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I used Listerine “blue” flavor in my 20s and early 30s, then it started giving me dry mouth and occurrences of thrush. I gave it up and kept the rest of my oral care routine (brush 3 times a day; floss before brushing at bedtime) and have not have any cavities, excessive tartar/calculus buildup, or people commenting on malodorous emanations from my word hole, i.e. mouth.

My hygienist loves working on me because my teeth are so easy to clean, and I have yet to test positive for COVID-19 as well.


My dentist recommends avoiding alcohol-based mouthwash, not because it kills “good” bacteria but because it increases your risk of oral cancer.


Our dentists have recommended full-alcohol Listerine for a few years, as the best buildup remover. No mention of cancer or other issues experienced above.

But the OP reminds me of how little we are really prepared to take care of our bodies. Who taught us to brush our teeth? To wipe? What does our body do, and what does it need? What’s “normal” in any range of parameters? What matters most within those parameters? What’s an optimal way to care for ourselves?

It’d be great to have a better idea of “How Shit Works” in general and not just learn from someone who was embarrassed to learn it from their own parents.


FWIW, from @generic_name’s link:

In conclusion, alcohol-based mouthwash consumption significantly increases salivary acetaldehyde levels in the first few minutes. However, no evidence exists if long-term salivary acetaldehyde levels may increase with a high frequency of mouthwash use. There is still insufficient evidence of whether the use of alcohol-based mouthwash is an independent risk factor for oral or oropharynx cancer. Nonetheless, it does increase the risk when it occurs concomitantly with other risk factors such as smoking or alcohol.

So no current evidence of alcohol-based mouthwash increasing oral cancer risk unless one also smokes or drinks alcohol, in which case one is already at risk.

Similarly, a more recent study confirms the same:

The use of alcohol-containing mouthwashes alone (when no other risk factors are present) does not increase the risk of developing an oral cancer or lead to increased salivary acetaldehyde. However, where other risk factors for oral cancer are present, the use of an alcohol-based mouthwash may further increase this risk.

While I am sure others may, I partake of neither alcohol nor smoking (nor do I have HPV, another risk factor), thus I feel relatively secure with once per evening use of a fluoride alcohol rinse, down from twice a day previously.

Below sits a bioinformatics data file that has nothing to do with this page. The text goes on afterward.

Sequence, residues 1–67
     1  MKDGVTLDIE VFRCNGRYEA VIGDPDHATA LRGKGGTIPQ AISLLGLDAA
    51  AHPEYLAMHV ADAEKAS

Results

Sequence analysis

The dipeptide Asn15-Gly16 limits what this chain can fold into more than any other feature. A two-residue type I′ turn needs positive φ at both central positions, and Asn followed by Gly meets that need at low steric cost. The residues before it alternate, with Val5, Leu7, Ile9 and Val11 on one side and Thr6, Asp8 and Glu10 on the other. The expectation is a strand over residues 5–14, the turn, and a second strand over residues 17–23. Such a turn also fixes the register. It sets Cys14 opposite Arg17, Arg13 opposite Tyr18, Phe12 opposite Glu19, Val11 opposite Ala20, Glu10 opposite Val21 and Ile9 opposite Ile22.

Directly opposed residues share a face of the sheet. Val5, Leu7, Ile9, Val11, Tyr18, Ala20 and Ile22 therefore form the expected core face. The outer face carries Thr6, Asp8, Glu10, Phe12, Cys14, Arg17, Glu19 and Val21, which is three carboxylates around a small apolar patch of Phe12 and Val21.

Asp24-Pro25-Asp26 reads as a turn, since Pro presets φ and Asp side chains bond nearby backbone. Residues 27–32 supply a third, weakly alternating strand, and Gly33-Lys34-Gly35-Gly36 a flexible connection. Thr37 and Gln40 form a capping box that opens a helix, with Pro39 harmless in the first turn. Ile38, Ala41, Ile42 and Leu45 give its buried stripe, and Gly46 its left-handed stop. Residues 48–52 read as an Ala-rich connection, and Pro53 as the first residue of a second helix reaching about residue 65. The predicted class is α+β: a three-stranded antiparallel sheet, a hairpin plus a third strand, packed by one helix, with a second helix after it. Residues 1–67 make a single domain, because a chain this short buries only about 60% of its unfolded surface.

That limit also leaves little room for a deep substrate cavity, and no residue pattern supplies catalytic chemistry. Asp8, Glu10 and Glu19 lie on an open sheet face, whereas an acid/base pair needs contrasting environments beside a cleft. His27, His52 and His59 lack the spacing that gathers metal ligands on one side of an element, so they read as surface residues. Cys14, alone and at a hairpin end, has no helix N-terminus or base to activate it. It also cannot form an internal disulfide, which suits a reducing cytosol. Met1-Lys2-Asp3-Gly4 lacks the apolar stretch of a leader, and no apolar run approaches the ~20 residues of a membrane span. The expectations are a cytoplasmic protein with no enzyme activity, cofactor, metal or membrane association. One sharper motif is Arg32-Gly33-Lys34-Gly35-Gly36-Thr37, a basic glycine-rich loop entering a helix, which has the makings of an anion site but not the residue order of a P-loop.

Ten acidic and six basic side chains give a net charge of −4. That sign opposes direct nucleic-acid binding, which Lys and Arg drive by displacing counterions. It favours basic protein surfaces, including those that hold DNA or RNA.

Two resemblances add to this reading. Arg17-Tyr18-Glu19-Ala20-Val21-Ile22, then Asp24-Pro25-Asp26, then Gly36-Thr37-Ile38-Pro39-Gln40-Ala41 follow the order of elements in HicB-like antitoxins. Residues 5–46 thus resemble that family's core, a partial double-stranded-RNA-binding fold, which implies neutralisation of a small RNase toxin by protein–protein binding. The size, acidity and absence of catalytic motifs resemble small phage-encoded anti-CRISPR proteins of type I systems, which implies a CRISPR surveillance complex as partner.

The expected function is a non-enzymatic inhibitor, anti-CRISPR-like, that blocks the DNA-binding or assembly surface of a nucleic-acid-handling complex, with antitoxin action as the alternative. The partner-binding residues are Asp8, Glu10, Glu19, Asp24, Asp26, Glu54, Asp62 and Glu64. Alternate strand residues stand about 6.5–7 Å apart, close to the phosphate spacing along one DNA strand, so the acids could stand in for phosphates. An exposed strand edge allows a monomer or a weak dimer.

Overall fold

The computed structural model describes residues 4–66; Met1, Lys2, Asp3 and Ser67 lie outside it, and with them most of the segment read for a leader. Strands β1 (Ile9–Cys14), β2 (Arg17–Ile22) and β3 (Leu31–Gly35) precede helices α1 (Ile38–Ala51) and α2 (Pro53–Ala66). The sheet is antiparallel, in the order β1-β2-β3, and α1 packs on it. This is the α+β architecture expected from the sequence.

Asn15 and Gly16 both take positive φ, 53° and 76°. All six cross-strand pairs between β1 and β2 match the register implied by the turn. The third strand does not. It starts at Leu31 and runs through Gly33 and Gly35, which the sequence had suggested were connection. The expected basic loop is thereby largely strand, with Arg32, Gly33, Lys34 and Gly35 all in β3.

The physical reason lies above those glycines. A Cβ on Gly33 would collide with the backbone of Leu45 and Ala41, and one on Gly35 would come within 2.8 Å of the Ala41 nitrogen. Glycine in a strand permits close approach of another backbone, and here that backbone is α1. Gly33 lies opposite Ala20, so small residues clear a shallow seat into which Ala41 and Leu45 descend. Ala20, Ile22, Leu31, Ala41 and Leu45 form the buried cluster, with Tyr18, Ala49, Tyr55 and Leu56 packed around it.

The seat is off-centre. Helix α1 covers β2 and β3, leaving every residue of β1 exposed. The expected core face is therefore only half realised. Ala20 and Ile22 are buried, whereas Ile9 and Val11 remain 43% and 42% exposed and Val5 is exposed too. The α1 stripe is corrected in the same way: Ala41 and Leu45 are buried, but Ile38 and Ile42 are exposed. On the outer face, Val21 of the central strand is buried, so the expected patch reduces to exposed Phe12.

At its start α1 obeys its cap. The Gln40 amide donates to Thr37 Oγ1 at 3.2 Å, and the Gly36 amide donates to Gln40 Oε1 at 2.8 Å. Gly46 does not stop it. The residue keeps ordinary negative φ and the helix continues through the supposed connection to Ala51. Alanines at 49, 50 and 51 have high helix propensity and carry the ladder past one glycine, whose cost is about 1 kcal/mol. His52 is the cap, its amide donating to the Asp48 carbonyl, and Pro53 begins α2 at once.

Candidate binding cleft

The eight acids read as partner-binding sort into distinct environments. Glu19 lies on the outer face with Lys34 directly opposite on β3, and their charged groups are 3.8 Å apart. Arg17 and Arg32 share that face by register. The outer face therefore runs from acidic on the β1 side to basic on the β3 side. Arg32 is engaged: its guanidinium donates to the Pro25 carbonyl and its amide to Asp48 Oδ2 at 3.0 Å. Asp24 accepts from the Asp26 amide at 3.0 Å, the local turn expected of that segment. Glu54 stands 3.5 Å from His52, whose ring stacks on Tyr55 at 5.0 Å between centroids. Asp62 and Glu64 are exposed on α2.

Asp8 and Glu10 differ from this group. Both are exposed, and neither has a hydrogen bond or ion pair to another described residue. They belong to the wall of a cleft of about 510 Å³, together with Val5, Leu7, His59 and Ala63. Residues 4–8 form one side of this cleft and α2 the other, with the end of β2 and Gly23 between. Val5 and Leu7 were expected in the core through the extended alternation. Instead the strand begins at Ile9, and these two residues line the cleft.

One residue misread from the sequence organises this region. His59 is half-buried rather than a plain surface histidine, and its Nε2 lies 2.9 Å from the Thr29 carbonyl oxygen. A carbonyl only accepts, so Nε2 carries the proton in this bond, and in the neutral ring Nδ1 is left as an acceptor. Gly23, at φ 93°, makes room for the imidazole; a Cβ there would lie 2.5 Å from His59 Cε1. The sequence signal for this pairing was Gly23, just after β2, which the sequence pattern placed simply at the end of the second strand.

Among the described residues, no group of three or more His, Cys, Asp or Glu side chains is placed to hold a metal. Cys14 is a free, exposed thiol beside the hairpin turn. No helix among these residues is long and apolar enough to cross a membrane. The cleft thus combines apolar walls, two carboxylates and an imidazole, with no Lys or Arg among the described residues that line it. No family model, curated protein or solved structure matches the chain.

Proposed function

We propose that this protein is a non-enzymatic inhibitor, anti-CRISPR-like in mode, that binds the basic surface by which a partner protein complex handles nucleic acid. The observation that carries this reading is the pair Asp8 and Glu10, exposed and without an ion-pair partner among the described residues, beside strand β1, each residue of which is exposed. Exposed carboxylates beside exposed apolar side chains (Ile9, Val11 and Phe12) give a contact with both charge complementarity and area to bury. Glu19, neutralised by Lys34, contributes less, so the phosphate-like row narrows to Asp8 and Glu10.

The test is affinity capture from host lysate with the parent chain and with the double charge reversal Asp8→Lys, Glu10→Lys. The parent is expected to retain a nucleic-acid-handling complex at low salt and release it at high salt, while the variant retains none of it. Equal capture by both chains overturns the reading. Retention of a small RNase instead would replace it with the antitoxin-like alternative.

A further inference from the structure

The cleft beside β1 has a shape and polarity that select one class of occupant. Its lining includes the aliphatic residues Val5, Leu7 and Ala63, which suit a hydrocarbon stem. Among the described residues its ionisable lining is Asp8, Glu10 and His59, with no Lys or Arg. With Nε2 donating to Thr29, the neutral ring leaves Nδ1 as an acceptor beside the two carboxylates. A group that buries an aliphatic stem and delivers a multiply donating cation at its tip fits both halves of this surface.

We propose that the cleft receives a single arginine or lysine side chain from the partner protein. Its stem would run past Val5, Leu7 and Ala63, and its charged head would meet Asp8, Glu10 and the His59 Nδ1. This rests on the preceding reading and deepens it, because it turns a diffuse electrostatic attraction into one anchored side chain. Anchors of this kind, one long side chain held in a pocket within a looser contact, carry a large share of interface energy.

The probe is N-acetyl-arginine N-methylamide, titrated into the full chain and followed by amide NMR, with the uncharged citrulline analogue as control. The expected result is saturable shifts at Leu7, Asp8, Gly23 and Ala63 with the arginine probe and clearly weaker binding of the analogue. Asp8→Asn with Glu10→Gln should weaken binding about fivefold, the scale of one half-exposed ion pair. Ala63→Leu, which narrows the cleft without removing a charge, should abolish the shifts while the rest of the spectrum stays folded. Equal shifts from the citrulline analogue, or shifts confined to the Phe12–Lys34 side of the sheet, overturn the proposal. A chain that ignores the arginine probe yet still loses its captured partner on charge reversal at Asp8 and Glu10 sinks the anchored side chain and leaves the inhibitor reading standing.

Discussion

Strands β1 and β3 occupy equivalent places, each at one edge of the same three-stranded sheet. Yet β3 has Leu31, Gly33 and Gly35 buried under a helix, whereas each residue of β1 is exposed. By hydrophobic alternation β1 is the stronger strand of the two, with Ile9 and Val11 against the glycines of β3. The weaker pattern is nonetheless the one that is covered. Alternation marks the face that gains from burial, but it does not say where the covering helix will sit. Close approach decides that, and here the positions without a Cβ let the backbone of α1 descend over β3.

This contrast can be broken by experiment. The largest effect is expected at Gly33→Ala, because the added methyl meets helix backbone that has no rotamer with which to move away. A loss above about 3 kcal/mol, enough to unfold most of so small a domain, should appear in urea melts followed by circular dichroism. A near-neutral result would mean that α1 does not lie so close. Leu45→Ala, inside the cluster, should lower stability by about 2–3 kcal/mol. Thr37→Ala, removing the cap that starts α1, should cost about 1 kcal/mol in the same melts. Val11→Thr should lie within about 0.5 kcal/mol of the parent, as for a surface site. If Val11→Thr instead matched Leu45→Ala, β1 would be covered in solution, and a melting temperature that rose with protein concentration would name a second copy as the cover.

This topic reminds me a bit of something I observed as a kid. That every family has their own micro-culture. I was almost grossed out as a kid to learn my neighbors preferred Peter Pan peanut butter over Jif! Hahah. That seems pretty minor but I remember hanging out with them and it almost feeling like I was in another country or a bizarro world or something. Similar to my family but weird and different in little ways.


I’d have to agree that the jury is still out, and in fact my current dentist is the first one to suggest (to me) a link between alcohol-based mouthwash and oral cancer so I don’t know how widespread his belief is. Me, I’m going to play it cautious and avoid alcohol-based mouthwash anyway, if for no other reason than they tend to include artificial colors (and flavors?) that may be bad for you in one way or another.

I think this is a huge failing of society at large. For years dentists have been looking at my teeth and asking if I brush hard, to which my answer is always “no, but I probably did that years ago, before I knew how to brush.” In other words, the damage was done a long time ago, due to lack of training how to brush. People tend to think the harder they brush, the cleaner their teeth get. While that may be true in a technical sense, the damage done by brushing hard outweighs any benefit.

My dentist is also a huge proponent of bite guards, largely to protect against grinding your teeth at night. Again, this is the first time I heard such a thing. So I’m not sure if it’s something dentists tend to ignore because it’s not obvious (like a cavity) or if it just isn’t a thing (yes, I know everybody is different). Or maybe my dentist is just more on the ball about potential oral harm, and likes to err on the side of caution?


This one bothers me to no end! I was 30 years old before a dentist told me I was brushing my gums away and how to brush effectively to avoid gum recession. My anxiety dreams have definitely become more specific since then.